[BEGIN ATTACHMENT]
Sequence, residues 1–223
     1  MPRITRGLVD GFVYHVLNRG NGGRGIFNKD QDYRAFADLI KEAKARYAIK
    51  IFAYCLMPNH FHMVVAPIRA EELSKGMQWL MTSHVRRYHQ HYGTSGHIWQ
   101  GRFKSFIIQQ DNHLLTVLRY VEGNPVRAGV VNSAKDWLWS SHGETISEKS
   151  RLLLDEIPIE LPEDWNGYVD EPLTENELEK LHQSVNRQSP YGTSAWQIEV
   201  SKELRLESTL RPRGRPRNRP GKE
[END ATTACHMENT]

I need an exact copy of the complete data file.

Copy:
Sequence, residues 1–223
     1  MPRITRGLVD GFVYHVLNRG NGGRGIFNKD QDYRAFADLI KEAKARYAIK
    51  IFAYCLMPNH FHMVVAPIRA EELSKGMQWL MTSHVRRYHQ HYGTSGHIWQ
   101  GRFKSFIIQQ DNHLLTVLRY VEGNPVRAGV VNSAKDWLWS SHGETISEKS
   151  RLLLDEIPIE LPEDWNGYVD EPLTENELEK LHQSVNRQSP YGTSAWQIEV
   201  SKELRLESTL RPRGRPRNRP GKE